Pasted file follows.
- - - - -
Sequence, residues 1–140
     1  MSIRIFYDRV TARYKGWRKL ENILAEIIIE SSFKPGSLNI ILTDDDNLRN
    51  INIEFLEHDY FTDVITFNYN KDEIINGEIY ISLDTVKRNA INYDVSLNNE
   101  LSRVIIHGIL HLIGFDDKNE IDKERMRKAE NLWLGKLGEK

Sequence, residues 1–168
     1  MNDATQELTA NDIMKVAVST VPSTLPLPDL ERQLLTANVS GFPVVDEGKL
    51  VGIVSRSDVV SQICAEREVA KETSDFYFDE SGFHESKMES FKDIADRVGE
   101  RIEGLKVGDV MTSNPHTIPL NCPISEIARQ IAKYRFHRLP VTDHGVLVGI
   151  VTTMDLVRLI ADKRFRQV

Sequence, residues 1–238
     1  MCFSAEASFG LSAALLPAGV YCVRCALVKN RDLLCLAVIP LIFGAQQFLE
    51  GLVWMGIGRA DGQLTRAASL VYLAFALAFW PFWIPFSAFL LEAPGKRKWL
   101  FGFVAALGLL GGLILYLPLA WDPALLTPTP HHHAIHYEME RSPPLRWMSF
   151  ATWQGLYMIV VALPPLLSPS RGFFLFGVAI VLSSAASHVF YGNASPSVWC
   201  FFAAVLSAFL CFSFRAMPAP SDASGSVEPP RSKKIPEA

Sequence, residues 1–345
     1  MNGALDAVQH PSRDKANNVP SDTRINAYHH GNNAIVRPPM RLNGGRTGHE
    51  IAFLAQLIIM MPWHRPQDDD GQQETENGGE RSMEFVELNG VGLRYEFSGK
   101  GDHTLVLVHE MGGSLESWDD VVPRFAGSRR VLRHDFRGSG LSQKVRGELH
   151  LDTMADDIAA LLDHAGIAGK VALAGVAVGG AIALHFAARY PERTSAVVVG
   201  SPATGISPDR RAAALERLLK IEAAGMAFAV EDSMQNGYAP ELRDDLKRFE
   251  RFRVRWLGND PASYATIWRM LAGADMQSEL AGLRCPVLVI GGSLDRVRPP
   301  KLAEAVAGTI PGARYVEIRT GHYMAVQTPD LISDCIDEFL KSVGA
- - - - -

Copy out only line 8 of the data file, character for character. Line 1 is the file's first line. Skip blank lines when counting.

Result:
   101  RIEGLKVGDV MTSNPHTIPL NCPISEIARQ IAKYRFHRLP VTDHGVLVGI